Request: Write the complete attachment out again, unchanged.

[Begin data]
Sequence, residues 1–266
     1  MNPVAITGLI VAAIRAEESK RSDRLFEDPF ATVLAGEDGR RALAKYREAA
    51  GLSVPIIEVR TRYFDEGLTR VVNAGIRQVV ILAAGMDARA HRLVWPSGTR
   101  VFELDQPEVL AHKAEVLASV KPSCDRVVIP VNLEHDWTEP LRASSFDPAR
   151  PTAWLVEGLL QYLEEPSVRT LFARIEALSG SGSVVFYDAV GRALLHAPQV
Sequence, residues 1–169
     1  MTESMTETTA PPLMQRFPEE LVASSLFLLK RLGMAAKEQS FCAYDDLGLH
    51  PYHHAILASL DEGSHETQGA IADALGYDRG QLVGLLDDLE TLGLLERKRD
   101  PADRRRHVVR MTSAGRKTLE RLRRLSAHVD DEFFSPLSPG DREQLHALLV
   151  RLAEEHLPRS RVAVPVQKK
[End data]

Sequence, residues 1–266
     1  MNPVAITGLI VAAIRAEESK RSDRLFEDPF ATVLAGEDGR RALAKYREAA
    51  GLSVPIIEVR TRYFDEGLTR VVNAGIRQVV ILAAGMDARA HRLVWPSGTR
   101  VFELDQPEVL AHKAEVLASV KPSCDRVVIP VNLEHDWTEP LRASSFDPAR
   151  PTAWLVEGLL QYLEEPSVRT LFARIEALSG SGSVVFYDAV GRALLHAPQV
Sequence, residues 1–169
     1  MTESMTETTA PPLMQRFPEE LVASSLFLLK RLGMAAKEQS FCAYDDLGLH
    51  PYHHAILASL DEGSHETQGA IADALGYDRG QLVGLLDDLE TLGLLERKRD
   101  PADRRRHVVR MTSAGRKTLE RLRRLSAHVD DEFFSPLSPG DREQLHALLV
   151  RLAEEHLPRS RVAVPVQKK